(Please forgive the very long title. Humorously it is balanced out by one of my shortest posts.)
I was reminded the other day of an incident that deeply affected our nation when I was in high school. The incident was the Columbine shooting. I was reminded of the incident when I heard a song that spoke of the incident. The song is called “This is Your Time” by Michael W. Smith. The song speaks about one of the victims in the shooting. A young girl by the name of Rachel Joy Scott was the first victim of the Columbine shooting. She was fatally shot after the shooter asked her if she believed in God and she answered, “You know I do.”
So this young girl, Rachel Joy Scott, was willing to die for her belief in God. Now, I have heard many atheists compare belief in God to belief in Santa Claus or the Tooth Fairy.
This is what I dare atheists to say to the parents of Rachel Joy Scott: “Because you let your little girl believe in God, you might as well have let your little girl die for believing in Santa Claus.”
I want you to seriously think about doing that. Imagine yourself walking up to the parents of this girl who died for her faith and with a straight face say that to them. Are you not already blushing at your indignity if you were to say that? Do you not know that is in essence what you are doing when you make the unsophisticated claim that believing in God is the same as believing in Santa Claus? Sure it is easy to say it through your computer screen, but it is a whole other thing when you are face-to-face with some one.
I am sure you can imagine blushing in embarrassment after telling the parents of Rachel Joy Scott that her daughter died because she refused to admit that Santa Claus was not real. Preparing for the moment that you would actually walk up to them and say that, I am sure you would start thinking better about your words and realize that what you were planning on saying probably does not hold the intellectual weight you thought it did.
If you are realizing that telling Rachel Joy Scott’s parents that her daughter basically died for her belief in Santa Claus is not a very accurate thing to say, then please stop popularizing the unsophisticated claim that belief in God is akin to believing in Santa. But go beyond just quitting that claim. I challenge you to correct your fellow atheists (including Mr. Dawkins, Harris, and other popular writers) when they make the claim.
Unsophisticated claim and intellectual dishonesty
Many have written on why the claim that believing in God is like believing in Santa Claus is unsophisticated. Since so many authors have written on that, I will not go into all those reasons here. If you would like to read a short article about that, you can do so here.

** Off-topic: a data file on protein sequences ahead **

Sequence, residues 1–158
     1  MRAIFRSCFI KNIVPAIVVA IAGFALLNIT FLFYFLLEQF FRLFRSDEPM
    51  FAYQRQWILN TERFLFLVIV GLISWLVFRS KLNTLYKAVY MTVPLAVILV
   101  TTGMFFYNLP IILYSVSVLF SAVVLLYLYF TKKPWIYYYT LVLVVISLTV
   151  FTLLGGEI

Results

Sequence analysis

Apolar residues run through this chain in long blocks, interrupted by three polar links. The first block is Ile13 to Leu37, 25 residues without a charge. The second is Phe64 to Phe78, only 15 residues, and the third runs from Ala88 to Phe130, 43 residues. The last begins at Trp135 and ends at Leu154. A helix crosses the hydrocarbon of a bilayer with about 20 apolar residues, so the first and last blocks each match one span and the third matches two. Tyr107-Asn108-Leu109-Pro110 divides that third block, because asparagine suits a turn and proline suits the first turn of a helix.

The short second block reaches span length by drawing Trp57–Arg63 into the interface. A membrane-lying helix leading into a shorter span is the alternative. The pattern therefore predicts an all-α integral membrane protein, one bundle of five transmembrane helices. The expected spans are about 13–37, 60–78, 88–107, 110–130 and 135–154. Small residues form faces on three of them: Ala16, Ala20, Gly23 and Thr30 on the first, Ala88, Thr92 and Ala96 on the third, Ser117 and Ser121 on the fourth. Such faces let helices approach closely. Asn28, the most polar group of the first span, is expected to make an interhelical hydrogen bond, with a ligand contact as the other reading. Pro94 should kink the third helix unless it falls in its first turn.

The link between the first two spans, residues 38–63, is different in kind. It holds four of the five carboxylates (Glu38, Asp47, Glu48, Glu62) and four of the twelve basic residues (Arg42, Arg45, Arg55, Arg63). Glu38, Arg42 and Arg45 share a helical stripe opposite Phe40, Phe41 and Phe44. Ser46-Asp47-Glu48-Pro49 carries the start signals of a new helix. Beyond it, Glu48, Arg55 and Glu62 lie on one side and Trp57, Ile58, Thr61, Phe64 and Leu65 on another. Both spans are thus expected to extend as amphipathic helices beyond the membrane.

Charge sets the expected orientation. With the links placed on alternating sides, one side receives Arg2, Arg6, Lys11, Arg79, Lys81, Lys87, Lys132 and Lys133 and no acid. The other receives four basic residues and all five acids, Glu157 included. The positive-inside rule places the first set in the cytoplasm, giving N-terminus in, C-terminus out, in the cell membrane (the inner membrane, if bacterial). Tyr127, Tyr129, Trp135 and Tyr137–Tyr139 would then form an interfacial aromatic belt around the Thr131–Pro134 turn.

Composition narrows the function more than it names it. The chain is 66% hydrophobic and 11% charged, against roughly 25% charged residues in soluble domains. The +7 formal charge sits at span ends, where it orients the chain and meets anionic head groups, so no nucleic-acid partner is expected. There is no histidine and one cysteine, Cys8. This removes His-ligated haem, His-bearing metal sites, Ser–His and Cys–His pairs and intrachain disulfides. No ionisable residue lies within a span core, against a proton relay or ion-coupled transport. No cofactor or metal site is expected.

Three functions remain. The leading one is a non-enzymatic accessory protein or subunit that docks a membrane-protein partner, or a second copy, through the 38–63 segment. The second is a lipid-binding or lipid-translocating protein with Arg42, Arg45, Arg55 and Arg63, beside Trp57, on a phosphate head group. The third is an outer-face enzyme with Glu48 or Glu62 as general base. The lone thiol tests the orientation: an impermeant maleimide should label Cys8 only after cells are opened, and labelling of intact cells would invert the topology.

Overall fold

However, I do want to explain another phrase: intellectual dishonesty or intellectual deceitfulness. I have been using this phrase a lot lately when describing arguments or statements that are known to be unsubstantial but are still employed. A second definition I would give to intellectual dishonesty would be arguments or statements that are clearly not critically investigated before they are used. The Santa Claus argument against God fits these two definitions quite well.
Yet a third definition for intellectual dishonesty or deceitfulness is redefining terms to fit one’s preference instead of using the terms for their intended meaning. An example of this third definition would be calling one’s self an atheist Christian. Those terms are incompatible. Since Christianity has as one of its foundations the belief in a Deity, it is intellectually deceiving to try to merge atheism and Christianity. (I suggest a new title be given to someone who wants to claim the title of atheist Christian: post-Christian atheist. If someone who never was a Christian likes the title atheist Christian because they like many of the teachings of Christianity but is an atheist, then they ought to just call themselves humanist, because that is basically what humanism is and humanism is a much more accurate description than atheist Christian).
All one has to do is just begin to critically investigate the claim that belief in God is equal to belief in Santa Claus, and one will quickly come to the realization that it is a very poor argument. Yet multiple popular atheist authors and bloggers continue to use the argument. I believe they are committing intellectual dishonesty or deceitfulness when doing so. They know better, but still lay claim to the argument.
As long as there are intellectually dishonest or deceitful arguments being thrown around, we will never be able to understand each other. For that reason I plead for all of us to realize when we are using intellectually dishonest or deceitful arguments or statements and to drop them.
Unfortunately I have seen Christians use intellectually dishonest or deceitful arguments as well. I am calling for all Christians to critically investigate their truth claims before they stand behind them and to recognize when you are taking a “cheap shot” form of argumentation (using an unsubstantial claim) and to rid that from your debate style.
If you truly believe that belief in God is equal to believing in Santa Claus, then I dare you to tell the Scotts what you think of their daughter’s confession. If you realize that they are not equal, then I challenge you to correct the mistaken claim. It is intellectually dishonest or deceitful to use an argument or statement that is either known to be unsubstantial, not critically investigated, or a redefines terms to fit one’s preference.